Tag Archives: Alzheimer’s disease

Nightmare on Wall Street

I’ve written several posts about Cassava Biosciences (symbol SAVA) and their potential drug for Alzheimer’s (see the end). The recent approval of Biogen’s ineffective (but highly lucrative) therapy Aducanumab for the disease brings forth the following nightmare. At a cost of > $50,000/year and millions of desperate famililes, Biogen will soon be rolling in money. The Cassava drug is orally available and should cost a fraction of that. Even better — it may actually work, although I think serious side effects are likely. Given the sketchy data getting Aducanumab through the FDA, Cassava’s drug represents a real threat to Biogen.

It will be perfectly legal for Biogen to outright buy Cassava and stop development. They will have the money. They won’t be able to do it on the sly, as any position of one company (or individual) in another greater than 5% of the value of the company must be reported to the SEC where it becomes public knowledge.

This from a cousin who is a stock market guru. His wife wasn’t available when I called being next door taking care of a woman with early Alzheimer’s, whose husband had to leave as his father suddenly passed away. She can’t be left alone. Such is the market for Aducanumab.

So will my friend Lindsay and her husband have the moral strength to resist Biogen?

Back in the day when I was in the service in Denver, a very wealthy stockbroker (who had brought the waterPik public) bought up many of beautiful old mansions on the west side of Cheeseman park. He then sold them to people he trusted (such as ourselves), so they wouldn’t be broken up into apartments (which was quite lucrative). I asked why the other people living on Humboldt street didn’t do the same. He said they had so much money they didn’t need character. The folks at Cassava don’t have a hell of a lot of money but hopefully they do have character.

Other posts on Cassava should you be interested are

The science behind Cassava Sciences (SAVA)

Do glia think? Take II

Do glia think Dr. Gonatas?  This was part of an exchange between G. Milton Shy, head of neurology at Penn, and Nick Gonatas a brilliant neuropathologist who worked with Shy as the two of them described new disease after new disease in the 60s ( myotubular (centronuclear) myopathy, nemaline myopathy, mitochondrial myopathy and oculopharyngeal muscular dystrophy).

Gonatas was claiming that a small glial tumor caused a marked behavioral disturbance, and Shy was demurring.  Just after I graduated, the Texas Tower shooting brought the question back up in force — https://en.wikipedia.org/wiki/University_of_Texas_tower_shooting.

Well that was 55 years ago, and we’ve learned a lot more about glia since.  

If glia don’t actually think, they may actually help neurons think better.  Since the brain is consuming 20% of your cardiac output as you sit there, it had better use the energy in the form of glucose  brought to it efficiently, and so it does, oxidizing it using oxygen (aerobic metabolism).  Glia on the other hand for reasons as yet unknown oxidize glucose anaerobically producing lactic acid (aerobic glycolysis). They transport the lactic acid to neurons and blocking transport impairs memory consolidation in experimental animals.  In fact aerobic glycolysis occurs in conditions of high synaptic plasticity and remodeling.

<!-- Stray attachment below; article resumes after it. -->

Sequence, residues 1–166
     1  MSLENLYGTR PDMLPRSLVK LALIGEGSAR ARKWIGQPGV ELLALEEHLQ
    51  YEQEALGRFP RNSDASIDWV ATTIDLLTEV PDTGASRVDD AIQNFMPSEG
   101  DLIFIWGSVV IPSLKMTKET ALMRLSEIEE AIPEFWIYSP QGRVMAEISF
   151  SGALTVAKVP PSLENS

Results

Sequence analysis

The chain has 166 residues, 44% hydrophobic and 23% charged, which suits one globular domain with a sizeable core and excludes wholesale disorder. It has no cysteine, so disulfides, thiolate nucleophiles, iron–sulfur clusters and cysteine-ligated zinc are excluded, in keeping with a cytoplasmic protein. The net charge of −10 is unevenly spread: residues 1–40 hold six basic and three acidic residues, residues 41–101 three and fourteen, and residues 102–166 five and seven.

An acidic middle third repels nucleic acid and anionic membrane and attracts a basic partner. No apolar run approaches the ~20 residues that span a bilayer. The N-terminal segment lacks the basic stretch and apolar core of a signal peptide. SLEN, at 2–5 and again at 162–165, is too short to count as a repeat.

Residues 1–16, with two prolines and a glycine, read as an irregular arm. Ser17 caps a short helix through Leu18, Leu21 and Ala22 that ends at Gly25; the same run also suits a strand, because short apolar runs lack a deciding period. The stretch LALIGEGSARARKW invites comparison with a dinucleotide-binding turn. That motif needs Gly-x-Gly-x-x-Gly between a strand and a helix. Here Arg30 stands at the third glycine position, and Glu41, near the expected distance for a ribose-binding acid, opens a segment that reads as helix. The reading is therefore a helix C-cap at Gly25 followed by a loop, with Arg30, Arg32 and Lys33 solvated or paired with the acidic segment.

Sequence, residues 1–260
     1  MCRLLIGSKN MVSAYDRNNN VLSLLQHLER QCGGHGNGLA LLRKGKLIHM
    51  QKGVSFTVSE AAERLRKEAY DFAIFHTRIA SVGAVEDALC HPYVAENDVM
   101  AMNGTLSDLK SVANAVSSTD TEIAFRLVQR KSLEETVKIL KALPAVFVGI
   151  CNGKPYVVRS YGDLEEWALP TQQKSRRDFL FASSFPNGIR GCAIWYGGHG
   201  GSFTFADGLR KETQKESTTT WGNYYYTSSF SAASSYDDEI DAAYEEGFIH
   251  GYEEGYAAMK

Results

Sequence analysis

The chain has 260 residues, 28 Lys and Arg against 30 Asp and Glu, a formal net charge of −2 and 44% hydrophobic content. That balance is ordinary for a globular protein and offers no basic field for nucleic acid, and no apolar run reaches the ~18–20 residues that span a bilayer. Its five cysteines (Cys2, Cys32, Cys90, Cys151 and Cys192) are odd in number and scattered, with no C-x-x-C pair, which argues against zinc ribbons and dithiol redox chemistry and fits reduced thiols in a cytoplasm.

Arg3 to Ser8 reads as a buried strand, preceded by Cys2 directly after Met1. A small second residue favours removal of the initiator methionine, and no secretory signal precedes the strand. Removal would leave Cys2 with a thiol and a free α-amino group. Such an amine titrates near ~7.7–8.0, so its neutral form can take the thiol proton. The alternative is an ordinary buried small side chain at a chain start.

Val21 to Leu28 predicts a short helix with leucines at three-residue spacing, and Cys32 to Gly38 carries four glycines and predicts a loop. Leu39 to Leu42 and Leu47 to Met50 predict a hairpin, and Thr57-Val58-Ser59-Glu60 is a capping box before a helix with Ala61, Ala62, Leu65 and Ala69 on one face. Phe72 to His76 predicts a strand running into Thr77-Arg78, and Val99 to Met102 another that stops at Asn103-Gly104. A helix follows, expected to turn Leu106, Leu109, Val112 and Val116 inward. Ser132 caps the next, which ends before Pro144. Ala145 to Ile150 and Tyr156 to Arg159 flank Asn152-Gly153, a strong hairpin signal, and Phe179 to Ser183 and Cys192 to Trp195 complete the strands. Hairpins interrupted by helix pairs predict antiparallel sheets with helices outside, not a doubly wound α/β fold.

The brain is 60% fat, some of which is cholesterol, which has to be made in the brain, as it doesn’t cross the blood brain barrier. Although neurons can synthesize cholesterol from scratch, most synthesis of cholesterol in the brain occurs in astrocytes.  It is than carried to neurons by apolipoprotein E.  As you are doubtless aware, apolipoprotein E (APOE) comes in three flavors 2, 3 and 4, and having two copies of APOE4 increases your risk of Alzheimer’s disease. 

But APOE does much more than schlep cholesterol to neurons according to a recent paper [ Neuron vol. 109 pp. 907 – 909, 957 – 970 ’21 ] Inside the particles are microRNAs.  You’ll recall that microRNAs decrease  the expression of proteins they target by binding to the messenger RNA (mRNA) for the targeted protein triggering its destruction. 

The microRNAs inside APOE suppress enzymes involved in de novo neuronal cholesterol biosynthesis (why work making cholesterol when the astrocyte is giving to you for free?).

This is unprecedented.  Passing metabolites (lactic acid, cholesterol) to neurons is one thing, but changing neuronal protein expression is quite another. 

Passing microRNAs in exosomes has been well worked out between cells (particularly cancer cells) outside the brain, but that’s for another time. 

The uses and abuses of Molarity

Quick what does a one Molar solution of a protein look like?

Answer: It doesn’t. The average protein mass is 100 kiloDaltons — http://book.bionumbers.org/how-big-is-the-average-protein/. That’s 100,000 grams per mole (100 kilograms).

A mole of any chemical is Avogadro’s number of it — or 6.02 x 10^23.  The molar mass counts 1 gram for each hydrogen it contains, 12 for each carbon etc. etc. 

A 1 molar concentration of any chemical is its molecular mass dissolved in 1 liter of water, which is 1,000 cubic centimeters (cc.).  The density of water is pretty much the same between 32 and 212 Fahrenheit (or 1 – 100 centigrade).  

What is the molar concentration of water, e.g. how many moles of water are in a liter of water.  The molecular mass of water is 18 so there are 1000/18 = 55.6 moles of water per liter of water.  

Well you can’t get 220 pounds of our 100 kiloDalton protein into 2.2 pounds (1 kiloGram) of water.  You could decorate each of the 6.02 x 10^23 protein molecules with 55 waters. 

Why belabor the obvious?  Because numbers are infinitely divisible and it is possible to talk about concentrations given in moles which make no chemical sense. Why?  Because matter is not infinitely divisible.  Divisibility for chemists stops at the atom level. 

Now let’s do some biology.  Cell size is measured in microns or 10^-6 meters.   A liter is a cube 10 centimeters on a side, so it is 10^-3 cubic meters.  A cubic micron is 10^-18 cubic meters, so there are 10^15 cubic microns in a liter.